Nvidia may be joining AMD and Intel in developing a multi-chiplet architecture for its next generation of GPUs, and could reap major gains in terms of performance.
Nvidia is the last of the big three chipmakers that still uses a single slice of silicon for the processors inside its best graphics cards, so it’s something of a welcome surprise that rumors have begun circulating that the company will finally move to the more adaptable multi-chiplet module (MCM) design with its next-generation Nvidia Blackwell architecture.
The report comes from well-known hardware leaker @kopite7kimi on X, who said that Nvidia’s commercial-grade GB100 GPU will feature MCM for the first time.
After the dramas of GA100 and GH100, it seems that GB100 is finally going to use MCM.September 18, 2023
The Nvidia Blackwell architecture is expected to power both Nvidia’s next-gen commercial GPU products, which are used by data centers and industial-scale users, as well as its consumer graphics cards, the Nvidia RTX 5000 series.
Even though both will use the Blackwell architecture, however, it’s unclear at the moment if the MCM shift will also extend to the Nvidia 5000 series graphics cards. If it does, though, it could provide the transformational performance for Nvidia’s next graphics card generation that was often lacking in some of its more recent RTX 4000-series cards.
The chiplets in an MCM design, when interconnected into a single processor, promises significantly faster performance over a monolithic slab of silicon. As Tom’s Hardware explains, a single silicon chip is constrained by the physical dimensions of the equipment used to fabricate it. Currently, the process Nvidia uses can only produce a 26mm by 33mm (858mm²) pieces of silicon at most, and Nvidia’s commercial-grade GPUs are already bumping right up against that maximum size.
And since it’s become exponentially more difficult for even the best processors to further shrink the size of a transistor, the electronic switch inside a chip that produces a computer’s logic functionality, the only way to increase the number of transistors in your GPU to increase performance is to make the chip larger than the physical manufacturing process will allow.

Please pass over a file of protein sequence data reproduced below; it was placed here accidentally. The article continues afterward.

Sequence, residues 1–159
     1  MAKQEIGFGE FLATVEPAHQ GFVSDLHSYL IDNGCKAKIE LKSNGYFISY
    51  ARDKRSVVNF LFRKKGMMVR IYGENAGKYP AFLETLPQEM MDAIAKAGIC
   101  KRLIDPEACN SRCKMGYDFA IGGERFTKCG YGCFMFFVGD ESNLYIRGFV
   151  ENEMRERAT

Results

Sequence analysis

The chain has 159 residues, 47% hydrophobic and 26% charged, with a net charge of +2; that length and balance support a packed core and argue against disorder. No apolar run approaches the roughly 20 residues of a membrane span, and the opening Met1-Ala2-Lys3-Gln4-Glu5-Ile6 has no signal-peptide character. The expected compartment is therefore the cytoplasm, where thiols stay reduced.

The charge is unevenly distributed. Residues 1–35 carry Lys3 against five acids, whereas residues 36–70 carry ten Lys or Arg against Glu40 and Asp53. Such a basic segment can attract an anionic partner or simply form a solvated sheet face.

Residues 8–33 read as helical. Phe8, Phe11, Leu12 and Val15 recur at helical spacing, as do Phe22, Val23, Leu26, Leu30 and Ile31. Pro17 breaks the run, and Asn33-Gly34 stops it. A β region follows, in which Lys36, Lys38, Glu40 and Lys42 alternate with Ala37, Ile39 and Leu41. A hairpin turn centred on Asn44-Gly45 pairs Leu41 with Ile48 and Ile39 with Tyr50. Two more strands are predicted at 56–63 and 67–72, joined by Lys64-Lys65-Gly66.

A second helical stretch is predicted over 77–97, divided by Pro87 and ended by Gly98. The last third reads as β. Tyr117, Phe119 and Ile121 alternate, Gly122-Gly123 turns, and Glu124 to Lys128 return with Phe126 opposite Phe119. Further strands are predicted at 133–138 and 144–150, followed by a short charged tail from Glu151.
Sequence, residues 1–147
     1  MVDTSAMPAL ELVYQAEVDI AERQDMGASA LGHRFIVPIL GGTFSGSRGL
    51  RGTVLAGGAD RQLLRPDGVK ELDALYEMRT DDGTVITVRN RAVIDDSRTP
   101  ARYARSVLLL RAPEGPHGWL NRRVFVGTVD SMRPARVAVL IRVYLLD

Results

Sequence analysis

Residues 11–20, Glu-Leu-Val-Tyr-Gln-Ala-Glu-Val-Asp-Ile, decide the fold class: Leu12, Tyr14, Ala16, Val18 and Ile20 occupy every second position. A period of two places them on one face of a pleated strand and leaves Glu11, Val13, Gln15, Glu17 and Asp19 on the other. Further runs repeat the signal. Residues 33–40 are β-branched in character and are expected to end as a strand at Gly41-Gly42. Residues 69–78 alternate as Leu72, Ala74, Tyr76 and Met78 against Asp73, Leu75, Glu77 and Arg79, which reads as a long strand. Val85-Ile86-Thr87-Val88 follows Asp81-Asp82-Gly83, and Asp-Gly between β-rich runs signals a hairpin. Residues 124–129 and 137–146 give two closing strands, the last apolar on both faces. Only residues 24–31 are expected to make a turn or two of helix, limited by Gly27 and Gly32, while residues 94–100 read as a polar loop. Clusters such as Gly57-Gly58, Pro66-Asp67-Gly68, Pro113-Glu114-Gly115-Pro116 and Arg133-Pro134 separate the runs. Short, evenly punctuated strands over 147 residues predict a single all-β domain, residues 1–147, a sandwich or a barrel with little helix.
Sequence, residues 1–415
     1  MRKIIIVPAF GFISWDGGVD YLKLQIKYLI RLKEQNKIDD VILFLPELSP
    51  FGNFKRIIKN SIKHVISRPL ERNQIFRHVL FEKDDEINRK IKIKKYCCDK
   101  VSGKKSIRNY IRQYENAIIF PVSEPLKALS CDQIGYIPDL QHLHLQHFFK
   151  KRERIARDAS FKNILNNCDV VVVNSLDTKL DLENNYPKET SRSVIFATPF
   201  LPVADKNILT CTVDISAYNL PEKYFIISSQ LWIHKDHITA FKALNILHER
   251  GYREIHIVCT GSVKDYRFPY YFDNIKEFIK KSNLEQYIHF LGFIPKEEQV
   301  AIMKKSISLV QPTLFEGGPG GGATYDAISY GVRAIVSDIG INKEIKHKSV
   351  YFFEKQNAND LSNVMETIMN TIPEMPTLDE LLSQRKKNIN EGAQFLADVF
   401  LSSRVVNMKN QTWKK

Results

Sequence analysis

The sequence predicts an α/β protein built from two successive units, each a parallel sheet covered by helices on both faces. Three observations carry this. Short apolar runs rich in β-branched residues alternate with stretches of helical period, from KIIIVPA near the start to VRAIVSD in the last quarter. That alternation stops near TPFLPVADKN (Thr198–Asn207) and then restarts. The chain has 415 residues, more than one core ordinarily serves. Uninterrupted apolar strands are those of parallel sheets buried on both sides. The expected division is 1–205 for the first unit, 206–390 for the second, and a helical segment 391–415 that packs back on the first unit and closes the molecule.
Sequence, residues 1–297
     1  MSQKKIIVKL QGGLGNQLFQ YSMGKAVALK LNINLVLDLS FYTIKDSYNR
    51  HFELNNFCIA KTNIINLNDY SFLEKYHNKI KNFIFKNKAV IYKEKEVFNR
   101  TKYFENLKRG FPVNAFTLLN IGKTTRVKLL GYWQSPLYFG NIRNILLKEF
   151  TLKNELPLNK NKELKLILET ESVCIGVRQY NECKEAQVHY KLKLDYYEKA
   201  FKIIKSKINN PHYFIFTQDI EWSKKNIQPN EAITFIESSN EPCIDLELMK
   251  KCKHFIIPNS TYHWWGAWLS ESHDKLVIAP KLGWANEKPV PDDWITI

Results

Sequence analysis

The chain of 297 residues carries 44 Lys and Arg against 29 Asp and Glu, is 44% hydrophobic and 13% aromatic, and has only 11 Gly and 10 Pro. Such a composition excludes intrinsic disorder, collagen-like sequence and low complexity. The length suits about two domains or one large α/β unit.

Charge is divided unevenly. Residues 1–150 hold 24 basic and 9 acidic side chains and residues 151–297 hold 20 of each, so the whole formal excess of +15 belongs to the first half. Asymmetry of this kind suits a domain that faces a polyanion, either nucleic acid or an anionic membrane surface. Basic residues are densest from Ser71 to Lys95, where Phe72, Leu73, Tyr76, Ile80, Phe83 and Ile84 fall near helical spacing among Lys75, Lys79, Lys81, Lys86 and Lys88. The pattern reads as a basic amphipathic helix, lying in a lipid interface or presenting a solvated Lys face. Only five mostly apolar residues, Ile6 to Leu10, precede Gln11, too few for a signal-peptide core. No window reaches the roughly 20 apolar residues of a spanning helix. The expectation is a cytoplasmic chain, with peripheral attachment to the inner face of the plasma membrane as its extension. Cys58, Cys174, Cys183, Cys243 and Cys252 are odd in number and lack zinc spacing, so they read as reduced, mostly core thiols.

That’s where the chiplets come in. If you can produce two or more chiplets that are smaller, but use special ties called interconnects to link them together so they act as a single unit, you can effectively build a larger chip than the fabrication process can supprt and dramatically improve performance. With an MCM design for its GPUs, Nvidia might be able to deliver the kinds of gains across its entire portfolio of Nvidia 5000 series cards that many were hoping to see with the 4000 series but which Nvidia wasn’t able to deliver consistently.
Obviously, this is still very speculative and based on rumors, but there’s a reason why both AMD and Intel have made the switch to MCM in their GPUs and CPUs, and Nvidia would be very smart to follow suit, or risk getting left behind.
Make the move to MCM, Nvidia, it’s the only way forward
The problem chip makers have been having for years now has been the end of Moore’s Law, the famous prediction by Intel co-founder Gordon Moore that transistor density on a chip would double roughly every two years.
For 50 years, that had been the case, but as we now measure the size of transistors relative to the diameter of individual atoms in the silicon, cutting a transistor’s size in half just isn’t possible anymore.
But consumers and industry have become used to faster computers every couple of years, and so no one really wants to hear that the party is over. If you’re a chip maker looking to keep selling more processors, you have to find another way to deliver those performance gains the market expects, Moore’s Law be damned.
The answer to this is using multiple chips in conjunction with one another to achieve those performance targets. We’ve already been doing this for more than a decade, as Nvidia well knows.
There was a time when there was no such thing as a graphics processor, there was just the main CPU which was expected to handle graphics as well as every other operation.
As graphics became more advanced though, this so heavily taxed the CPU that something had to be done before computing 3D scenes either ate up 99.9% of the CPU’s clock cycles, or the limits of the CPU itself ground computer graphics progress to a halt.
The work around was to pass all but the most basic graphics processing work off to a second processor, the GPU, which was specially designed for this task and which went on to power the modern era of computer graphics. Nvidia knows this because it was the one that created the world’s first GPU, the Nvidia GeForce 256, back in 1999.
We’ve come full circle then, and graphics processors are so overwhelmed with the workloads being assigned to them that they cannot keep up and we can’t squeeze more performance out of the same-sized silicon. It’s time then to break up geometry, rasterization, ray tracing, machine learning, and other GPU workloads into different mini-processors that can be specifically engineered to perform those tasks faster and more efficiently than we’re currently doing.
Nvidia’s chief competitor, AMD, is already doing this and it’s seen very positive results so far. And while the first few attempts to get MCM engineering right might not be the revolution that the first GPU was when it landed over 20 years ago, future attempts will get us to where we want—and Nvidia needs—to be, so Nvidia should probably get to work on that.
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